Knowledge Center | Koch Agronomic Services
Knowledge Center | Koch Agronomic Services
Why Stabilizers Make Sense
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As you start to plan for next year, you may be looking for expenses to cut from your overall budget. We're here to tell you why the investment in nitrogen stabilizers can give your operation an edge.

Jared Miller is a master agronomy advisor for MKC and for the past 10 years, he’s worked with growers in Kansas – answering questions about nitrogen inputs and the value of stabilizers.

According to Miller, when growers are looking at their budgets – many get stuck on the cost of the product when they should be focused on its performance. Growers have suggested that they’d rather just put down more pounds of nitrogen on the field instead of investing to protect it.

“I’ve tried to have simple analogies,” says Miller. “One I can always talk about is a fence.”

He illustrates the need for stabilizers this way: if you’ve got a barbed wire fence with cattle on side and a hole in the fence, cattle are going to escape. Then he asks them if they’re going to use their investment to close the gap in the fence or just keep spending money on more cattle and letting them continue to go out.

“It’s the same as having a water bucket with a hole in the bottom,” says Miller. “Am I going to keep adding water or plug it and fix the problem?”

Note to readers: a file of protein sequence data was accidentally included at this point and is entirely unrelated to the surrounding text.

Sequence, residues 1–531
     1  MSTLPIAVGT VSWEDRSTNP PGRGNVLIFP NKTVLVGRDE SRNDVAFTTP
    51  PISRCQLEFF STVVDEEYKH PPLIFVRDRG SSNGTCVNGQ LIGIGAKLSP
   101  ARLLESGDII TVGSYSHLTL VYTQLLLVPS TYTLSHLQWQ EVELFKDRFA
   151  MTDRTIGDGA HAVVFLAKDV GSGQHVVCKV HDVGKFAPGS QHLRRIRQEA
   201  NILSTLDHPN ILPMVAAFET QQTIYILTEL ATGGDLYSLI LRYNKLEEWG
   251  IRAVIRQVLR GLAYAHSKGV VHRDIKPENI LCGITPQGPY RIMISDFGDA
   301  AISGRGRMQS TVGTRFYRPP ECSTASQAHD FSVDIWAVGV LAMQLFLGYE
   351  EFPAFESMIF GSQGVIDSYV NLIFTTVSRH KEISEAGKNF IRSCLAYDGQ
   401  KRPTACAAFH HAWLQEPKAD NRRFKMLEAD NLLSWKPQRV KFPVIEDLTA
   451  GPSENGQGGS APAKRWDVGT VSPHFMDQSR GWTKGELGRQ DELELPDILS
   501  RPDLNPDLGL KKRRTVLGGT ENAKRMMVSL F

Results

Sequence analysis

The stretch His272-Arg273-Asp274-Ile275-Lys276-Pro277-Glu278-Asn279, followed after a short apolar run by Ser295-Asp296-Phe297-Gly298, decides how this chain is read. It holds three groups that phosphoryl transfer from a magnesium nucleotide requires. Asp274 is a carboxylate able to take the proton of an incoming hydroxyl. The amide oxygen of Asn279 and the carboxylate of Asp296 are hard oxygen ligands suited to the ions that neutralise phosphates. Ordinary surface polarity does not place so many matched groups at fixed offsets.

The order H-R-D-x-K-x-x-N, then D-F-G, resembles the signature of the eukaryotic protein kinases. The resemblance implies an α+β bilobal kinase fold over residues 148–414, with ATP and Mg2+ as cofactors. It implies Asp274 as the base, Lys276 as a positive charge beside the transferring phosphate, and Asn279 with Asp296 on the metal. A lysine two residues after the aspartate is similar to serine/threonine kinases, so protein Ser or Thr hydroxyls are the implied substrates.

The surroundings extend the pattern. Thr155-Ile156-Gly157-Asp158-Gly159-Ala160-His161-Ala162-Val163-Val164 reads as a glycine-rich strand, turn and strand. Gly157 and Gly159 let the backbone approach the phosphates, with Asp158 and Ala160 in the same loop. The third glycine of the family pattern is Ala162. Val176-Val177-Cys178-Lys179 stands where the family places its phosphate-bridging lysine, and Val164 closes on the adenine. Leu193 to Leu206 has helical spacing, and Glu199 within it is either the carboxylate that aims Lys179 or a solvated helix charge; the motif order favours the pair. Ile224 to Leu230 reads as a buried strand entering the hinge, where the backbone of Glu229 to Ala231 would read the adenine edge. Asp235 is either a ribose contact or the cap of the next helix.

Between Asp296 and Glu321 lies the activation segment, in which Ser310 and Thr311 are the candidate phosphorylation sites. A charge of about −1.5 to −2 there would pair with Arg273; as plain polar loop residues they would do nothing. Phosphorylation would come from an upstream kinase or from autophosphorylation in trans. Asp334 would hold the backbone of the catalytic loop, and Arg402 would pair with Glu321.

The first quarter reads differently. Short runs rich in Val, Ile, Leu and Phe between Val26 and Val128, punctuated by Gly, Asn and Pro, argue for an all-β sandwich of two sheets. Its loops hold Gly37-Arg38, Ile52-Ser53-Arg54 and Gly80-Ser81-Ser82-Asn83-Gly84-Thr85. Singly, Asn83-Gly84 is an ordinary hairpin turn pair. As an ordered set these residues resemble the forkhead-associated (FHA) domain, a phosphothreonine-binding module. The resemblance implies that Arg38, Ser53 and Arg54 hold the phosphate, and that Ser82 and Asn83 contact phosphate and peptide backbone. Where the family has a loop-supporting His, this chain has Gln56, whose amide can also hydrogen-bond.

Understanding True Costs and Value

Remembering that the true cost of applying nitrogen increases with each pass over your fields, the price of fewer passes when using a stabilizer can be of value – potentially saving you time, money and resources.

“Another challenge right now is farmers understanding what their true cost is per acre,” says Miller. “We need to make sure that we’re looking at exactly what the whole price will be or the whole cost per acre for each individual pass.”

Getting the most out of everything you put down is just good business. Whatever you budget to grow your crop, you want to maximize every dollar that’s spent in order to achieve the best outcome possible. Applying nitrogen without a stabilizer or an enhanced efficiency fertilizer is risky at best. If weather is bad or temperatures get too warm, too early – your nitrogen investment will diminish as your nitrogen is lost.

“If I can protect that investment and truly make that more profitable, that is what I’m here for,” says Miller. “There’s too many people out running around with a price card and a generic form of multiple products, not just stabilizers.”

“Our whole goal, especially in retail ag, is to try to make our growers as profitable as possible,” says Miller. 

To learn more about increasing the profitability of your operation, contact your local Koch representative today. 


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